The war on drugs has failed to curb supply or reduce violence. What do you propose?
Sometimes we all feel that we have been pedalling on a stationary bicycle. We look to our right and our left and we still see the same landscape. There has been an important decrease in the world's coca crops, mainly due to the great efforts we have made in
What response has there been from the US and
In April I put this proposal to the heads of state, including President Obama, gathered at the Summit of the Americas in Cartagena,
The burden has fallen mainly on the producing countries such as your own. How can it be shared more equally?
Who profits from the drug trade?
According to the UNODC, the illicit drug market amounts to around
We now know that billions of dollars in drug money ends up in banks in the US and
Teamwork and close cooperation among countries and the private sector is of the essence. During the past decades
What term should we use to replace the 'war on drugs'?
It's true that the world's drug problems involve a direct engagement against criminal organizations, but this 'war' is not the sole component. A comprehensive anti-drug policy should also consider the farmers who grow the coca leaves, who require more social than repressive policies; it should promote a law-abiding society, which is absolutely necessary to overcome the mafia culture of violence; it should include a drug consumption prevention strategy, healthcare for drug users, social reintegration and policies to sever the links between drugs and crime.
If some drugs were legalized or decriminalized what would be the effect?
That is part of the discussions and the issues to be studied and determined by scientists and experts. For the time being, it is crystal clear that
What are the possibilities of joint action among Latin American countries on drug policy?
The Americas took a first step at the last Summit of the Americas when we gave a mandate to the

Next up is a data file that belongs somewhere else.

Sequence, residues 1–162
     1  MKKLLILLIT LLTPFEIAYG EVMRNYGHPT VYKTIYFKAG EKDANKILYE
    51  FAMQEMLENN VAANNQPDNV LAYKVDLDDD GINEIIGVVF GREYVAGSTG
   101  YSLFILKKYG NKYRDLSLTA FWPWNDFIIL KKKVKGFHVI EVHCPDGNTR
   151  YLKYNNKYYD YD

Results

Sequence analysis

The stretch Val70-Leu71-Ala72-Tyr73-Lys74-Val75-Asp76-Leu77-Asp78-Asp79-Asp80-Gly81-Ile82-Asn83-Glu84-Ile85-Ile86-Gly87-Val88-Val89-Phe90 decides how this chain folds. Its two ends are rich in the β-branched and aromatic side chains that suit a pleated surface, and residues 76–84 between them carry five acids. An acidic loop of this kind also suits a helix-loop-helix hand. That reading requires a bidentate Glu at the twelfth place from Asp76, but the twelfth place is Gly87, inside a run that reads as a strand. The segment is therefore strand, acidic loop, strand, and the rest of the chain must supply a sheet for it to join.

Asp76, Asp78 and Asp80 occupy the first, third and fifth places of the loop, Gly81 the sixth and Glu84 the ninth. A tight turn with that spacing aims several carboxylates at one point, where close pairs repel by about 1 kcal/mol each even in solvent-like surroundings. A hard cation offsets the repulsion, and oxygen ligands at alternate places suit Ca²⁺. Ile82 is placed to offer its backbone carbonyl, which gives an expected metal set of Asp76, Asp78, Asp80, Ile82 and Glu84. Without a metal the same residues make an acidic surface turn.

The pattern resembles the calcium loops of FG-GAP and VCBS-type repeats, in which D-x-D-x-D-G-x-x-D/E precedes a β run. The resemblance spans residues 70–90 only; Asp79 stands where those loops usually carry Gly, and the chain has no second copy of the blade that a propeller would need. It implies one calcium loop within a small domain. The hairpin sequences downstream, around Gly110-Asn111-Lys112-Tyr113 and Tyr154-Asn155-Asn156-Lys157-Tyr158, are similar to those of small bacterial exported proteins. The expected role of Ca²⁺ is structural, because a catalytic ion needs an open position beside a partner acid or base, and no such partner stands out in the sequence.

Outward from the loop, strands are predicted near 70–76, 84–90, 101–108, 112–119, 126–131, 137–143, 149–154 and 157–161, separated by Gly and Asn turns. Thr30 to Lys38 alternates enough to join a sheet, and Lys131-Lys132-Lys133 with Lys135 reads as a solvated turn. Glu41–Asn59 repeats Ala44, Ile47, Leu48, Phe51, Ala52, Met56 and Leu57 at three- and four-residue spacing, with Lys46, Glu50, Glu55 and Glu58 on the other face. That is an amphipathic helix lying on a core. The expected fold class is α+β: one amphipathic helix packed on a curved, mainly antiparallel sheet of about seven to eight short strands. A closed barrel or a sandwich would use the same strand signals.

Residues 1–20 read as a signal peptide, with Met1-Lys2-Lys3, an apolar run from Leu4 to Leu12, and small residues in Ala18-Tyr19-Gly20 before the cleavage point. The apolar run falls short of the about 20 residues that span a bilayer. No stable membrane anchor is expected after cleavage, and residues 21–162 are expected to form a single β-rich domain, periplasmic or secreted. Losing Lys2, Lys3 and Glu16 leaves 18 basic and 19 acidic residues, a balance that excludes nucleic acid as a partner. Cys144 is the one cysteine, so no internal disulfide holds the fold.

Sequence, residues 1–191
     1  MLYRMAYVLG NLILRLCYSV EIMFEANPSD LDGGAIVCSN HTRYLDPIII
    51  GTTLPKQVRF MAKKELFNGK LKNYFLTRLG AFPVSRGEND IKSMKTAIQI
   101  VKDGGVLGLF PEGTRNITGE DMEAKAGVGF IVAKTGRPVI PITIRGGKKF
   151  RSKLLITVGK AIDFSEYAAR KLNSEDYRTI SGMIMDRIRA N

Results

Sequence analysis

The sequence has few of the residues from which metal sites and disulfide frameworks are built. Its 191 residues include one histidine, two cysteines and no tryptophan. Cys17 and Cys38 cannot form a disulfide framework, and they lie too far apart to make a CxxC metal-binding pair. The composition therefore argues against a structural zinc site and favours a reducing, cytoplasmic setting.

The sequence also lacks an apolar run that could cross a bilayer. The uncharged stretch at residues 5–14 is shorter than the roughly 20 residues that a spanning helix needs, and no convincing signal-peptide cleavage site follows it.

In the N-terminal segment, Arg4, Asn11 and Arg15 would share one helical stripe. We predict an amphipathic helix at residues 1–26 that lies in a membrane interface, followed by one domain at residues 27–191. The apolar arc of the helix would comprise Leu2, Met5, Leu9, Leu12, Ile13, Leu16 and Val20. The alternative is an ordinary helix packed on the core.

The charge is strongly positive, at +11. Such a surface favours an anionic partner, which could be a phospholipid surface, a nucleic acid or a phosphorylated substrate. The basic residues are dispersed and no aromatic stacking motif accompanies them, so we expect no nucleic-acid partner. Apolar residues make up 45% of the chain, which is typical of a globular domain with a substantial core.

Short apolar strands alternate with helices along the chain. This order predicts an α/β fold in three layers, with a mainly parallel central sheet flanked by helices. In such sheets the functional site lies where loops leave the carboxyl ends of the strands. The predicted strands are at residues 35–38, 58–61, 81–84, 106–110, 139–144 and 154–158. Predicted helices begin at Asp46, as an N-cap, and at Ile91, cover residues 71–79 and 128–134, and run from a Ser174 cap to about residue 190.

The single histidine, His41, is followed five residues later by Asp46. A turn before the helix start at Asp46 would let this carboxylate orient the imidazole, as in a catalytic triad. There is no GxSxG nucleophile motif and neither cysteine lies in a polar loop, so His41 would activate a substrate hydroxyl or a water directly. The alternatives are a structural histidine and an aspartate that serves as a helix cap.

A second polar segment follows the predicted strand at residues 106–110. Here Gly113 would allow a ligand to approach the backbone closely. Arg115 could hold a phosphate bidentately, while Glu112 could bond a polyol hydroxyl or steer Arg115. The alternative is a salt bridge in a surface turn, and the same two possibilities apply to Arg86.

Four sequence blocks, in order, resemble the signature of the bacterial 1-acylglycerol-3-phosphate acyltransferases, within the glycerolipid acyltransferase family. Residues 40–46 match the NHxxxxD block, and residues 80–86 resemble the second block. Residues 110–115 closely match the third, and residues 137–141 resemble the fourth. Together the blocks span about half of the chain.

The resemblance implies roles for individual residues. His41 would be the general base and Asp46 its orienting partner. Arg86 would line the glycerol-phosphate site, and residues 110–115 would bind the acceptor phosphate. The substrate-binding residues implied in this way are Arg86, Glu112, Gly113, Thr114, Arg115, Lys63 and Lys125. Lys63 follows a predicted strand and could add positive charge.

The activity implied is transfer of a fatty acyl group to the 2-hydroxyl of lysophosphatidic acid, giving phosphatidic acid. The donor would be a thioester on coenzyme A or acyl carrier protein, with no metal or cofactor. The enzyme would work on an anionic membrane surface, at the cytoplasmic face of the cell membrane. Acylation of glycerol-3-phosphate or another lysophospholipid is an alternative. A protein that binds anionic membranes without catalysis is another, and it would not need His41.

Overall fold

What is the connection between your success curbing the drug-related activity in
The region has seen a rearrangement of these illegal forces which profit from drug trade.
As defence minister under President Uribe you significantly reduced the FARC threat, but at the cost of some well publicized human rights abuses.
These questionable events were the subject of criminal investigations, and we have taken steps to prevent their recurrence. Our military success in the confrontation with the FARC guerillas has forced them to leave zones where they had been entrenched. This has led the guerrillas to reorganize themselves in smaller groups, wearing civilian clothing and living among the community. In response, our strategy is now less military and more police-like. We have implemented strict zero-tolerance guidelines to any kind of abuse, and we can state that each and every one of our men and women in law enforcement has received training in human rights and international humanitarian law. Likewise, coordination with our judicial authorities has been essential for ensuring the prompt and appropriate prosecution of alleged cases involving members of our law enforcement authorities.
We have guaranteed free education for all our children in public schools, we levelled and up-scaled healthcare plans for all Colombians and launched a housing programme, which will provide 100,000 free housing solutions for the poorest families. Between 2010 and 2011, 1.2 million Colombians were lifted out of poverty. There's still a long way to go, but we are moving in the right direction.
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